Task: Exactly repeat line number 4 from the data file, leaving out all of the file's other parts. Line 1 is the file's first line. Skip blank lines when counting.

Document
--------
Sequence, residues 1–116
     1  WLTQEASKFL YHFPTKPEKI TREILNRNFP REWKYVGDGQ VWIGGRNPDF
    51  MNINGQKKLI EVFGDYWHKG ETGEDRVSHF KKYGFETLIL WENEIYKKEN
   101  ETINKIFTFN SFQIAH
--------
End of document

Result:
   101  ETINKIFTFN SFQIAH